Quiet Place


FromInfant-Toddler Social Studies,  Carla Goble

What to have Materials as needed

What to do Create a quiet place for the toddlers to retreat to when they need time to calm themselves or to be away from the action of a busy classroom. A large plastic bin with low sides that a toddler can climb into or a large box turned on its side work well. Hang a soft, sheer piece of fabric over the plastic bin to create a see-through tent. Cover the inside of the space with a soft blanket or rug. Include a couple of pillows, stuffed animals, and a book or two. Toddlers may want to select a special stuffed toy or book to take with them to the quiet place. Introduce the quiet place as an area where a child decides for himself when he wants to go there. For example, say, “Sometimes I get upset and can’t think. Everyone feels like this sometimes. I go to a quiet place to calm down. When I feel better and I am ready to be with other people, then I come out of the quiet place.” You can act this out for the child, pretending to be sad, mad, or upset in some way. Go to the quiet place and hold a stuffed animal or look at a book for a few seconds. Then say, “I feel better. I calmed myself and I’m ready to play again.” You should be able to see the child at all times, including when he is in the quiet place. The quiet place should never be used as punishment. The idea is for toddlers to begin to recognize their feelings and personal needs to calm themselves, to regain self-control, and to monitor their own behavior.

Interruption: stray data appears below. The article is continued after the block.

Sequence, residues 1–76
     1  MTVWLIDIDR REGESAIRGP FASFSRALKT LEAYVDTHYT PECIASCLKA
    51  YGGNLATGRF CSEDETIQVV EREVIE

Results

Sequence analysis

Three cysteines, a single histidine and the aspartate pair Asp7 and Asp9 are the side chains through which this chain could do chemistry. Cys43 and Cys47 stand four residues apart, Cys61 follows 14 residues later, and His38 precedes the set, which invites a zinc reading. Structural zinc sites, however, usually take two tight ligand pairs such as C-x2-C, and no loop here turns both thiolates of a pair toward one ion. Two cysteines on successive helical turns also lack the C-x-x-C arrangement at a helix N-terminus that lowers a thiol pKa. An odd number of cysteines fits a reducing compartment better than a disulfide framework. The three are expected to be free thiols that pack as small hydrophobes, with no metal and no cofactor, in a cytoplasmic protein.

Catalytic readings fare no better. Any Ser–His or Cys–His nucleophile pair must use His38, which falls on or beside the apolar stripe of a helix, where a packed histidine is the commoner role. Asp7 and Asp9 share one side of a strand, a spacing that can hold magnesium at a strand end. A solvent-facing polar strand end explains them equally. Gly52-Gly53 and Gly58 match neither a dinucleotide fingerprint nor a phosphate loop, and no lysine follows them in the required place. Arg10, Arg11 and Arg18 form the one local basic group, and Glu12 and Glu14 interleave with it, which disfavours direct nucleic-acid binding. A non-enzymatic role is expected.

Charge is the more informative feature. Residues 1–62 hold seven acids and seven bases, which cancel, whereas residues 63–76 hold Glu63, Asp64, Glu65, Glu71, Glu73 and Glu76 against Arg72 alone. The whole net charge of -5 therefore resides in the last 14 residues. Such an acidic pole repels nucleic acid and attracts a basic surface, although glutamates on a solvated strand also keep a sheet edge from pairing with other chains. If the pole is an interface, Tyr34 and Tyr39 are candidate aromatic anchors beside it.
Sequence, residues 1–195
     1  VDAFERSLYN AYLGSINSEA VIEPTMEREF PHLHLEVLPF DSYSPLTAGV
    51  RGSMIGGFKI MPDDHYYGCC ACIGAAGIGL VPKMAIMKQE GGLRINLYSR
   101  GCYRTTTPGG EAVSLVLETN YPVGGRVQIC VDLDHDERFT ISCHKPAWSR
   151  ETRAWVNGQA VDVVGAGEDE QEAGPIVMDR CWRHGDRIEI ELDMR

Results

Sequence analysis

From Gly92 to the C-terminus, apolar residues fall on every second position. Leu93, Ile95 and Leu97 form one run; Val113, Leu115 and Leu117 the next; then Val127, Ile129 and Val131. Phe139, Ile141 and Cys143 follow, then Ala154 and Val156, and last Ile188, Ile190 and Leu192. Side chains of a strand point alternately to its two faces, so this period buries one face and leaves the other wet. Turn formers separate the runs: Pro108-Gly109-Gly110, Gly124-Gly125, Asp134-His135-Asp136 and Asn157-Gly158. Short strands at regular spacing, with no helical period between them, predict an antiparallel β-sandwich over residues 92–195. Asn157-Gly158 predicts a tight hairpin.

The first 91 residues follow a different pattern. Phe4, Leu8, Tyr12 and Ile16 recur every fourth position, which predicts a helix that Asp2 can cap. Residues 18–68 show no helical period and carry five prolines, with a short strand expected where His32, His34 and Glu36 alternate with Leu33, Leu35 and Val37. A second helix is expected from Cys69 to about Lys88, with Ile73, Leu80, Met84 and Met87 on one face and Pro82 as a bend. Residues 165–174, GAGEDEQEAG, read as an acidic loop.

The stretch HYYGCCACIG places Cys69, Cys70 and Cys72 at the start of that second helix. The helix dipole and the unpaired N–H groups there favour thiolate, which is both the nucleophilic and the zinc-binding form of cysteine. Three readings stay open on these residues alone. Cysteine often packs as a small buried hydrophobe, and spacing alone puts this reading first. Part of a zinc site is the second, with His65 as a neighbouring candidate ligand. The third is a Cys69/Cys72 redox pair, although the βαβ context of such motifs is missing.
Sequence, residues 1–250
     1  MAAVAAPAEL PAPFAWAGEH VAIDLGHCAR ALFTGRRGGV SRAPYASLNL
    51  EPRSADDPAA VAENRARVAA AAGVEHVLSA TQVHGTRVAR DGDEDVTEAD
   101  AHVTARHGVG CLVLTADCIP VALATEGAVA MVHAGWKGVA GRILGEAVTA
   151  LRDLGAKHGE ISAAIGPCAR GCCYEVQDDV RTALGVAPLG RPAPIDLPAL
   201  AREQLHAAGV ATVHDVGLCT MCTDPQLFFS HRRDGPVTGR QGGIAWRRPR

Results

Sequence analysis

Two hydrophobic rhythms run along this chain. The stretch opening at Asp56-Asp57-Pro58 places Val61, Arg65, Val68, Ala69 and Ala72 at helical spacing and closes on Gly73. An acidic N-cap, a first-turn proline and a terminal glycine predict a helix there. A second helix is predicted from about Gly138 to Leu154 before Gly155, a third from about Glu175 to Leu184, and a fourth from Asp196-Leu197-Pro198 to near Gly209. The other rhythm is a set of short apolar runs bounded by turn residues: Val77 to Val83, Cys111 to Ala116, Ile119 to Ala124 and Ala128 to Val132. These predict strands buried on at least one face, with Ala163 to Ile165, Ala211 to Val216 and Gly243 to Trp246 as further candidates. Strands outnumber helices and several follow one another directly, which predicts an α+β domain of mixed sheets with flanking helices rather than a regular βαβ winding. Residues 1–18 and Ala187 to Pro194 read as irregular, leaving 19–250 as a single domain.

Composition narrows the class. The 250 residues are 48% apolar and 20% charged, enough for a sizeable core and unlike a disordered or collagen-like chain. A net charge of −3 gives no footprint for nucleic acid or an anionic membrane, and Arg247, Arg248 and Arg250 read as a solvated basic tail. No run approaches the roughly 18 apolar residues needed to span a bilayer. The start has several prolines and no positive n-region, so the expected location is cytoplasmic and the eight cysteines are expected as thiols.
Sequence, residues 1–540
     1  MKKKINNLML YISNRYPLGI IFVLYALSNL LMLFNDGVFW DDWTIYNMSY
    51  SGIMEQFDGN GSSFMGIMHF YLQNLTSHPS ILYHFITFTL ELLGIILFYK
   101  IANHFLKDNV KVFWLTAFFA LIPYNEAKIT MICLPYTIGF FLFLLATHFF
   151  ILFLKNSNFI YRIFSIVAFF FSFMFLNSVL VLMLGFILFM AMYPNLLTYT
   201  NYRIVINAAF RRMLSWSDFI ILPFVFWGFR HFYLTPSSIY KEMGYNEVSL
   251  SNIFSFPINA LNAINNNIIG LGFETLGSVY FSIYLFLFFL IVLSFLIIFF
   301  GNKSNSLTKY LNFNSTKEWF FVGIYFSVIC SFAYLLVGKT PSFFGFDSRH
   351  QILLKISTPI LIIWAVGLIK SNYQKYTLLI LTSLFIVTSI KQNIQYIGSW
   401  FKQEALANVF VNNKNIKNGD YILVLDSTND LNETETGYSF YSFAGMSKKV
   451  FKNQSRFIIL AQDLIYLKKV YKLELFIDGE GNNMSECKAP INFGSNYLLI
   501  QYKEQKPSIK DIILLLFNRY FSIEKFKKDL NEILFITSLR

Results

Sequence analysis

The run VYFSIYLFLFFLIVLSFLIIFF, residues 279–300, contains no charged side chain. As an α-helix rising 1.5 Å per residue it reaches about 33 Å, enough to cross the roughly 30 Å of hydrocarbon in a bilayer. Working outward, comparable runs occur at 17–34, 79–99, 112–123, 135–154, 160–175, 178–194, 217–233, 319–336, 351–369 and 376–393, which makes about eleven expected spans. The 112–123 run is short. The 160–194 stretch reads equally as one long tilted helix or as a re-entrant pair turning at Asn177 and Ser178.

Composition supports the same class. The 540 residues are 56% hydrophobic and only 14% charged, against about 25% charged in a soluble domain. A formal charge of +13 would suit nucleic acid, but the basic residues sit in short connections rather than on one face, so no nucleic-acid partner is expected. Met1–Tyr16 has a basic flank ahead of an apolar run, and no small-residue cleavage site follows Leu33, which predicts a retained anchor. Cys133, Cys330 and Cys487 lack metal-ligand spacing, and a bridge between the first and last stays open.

Why - to promote emotional development - to promote the development of a positive sense of self - to promote the ability to self-regulate

For more activities check out
Infant-Toddler Social Studies: Activities to Develop a Sense of Self

By Carla Goble Copyright 2018 2-Year

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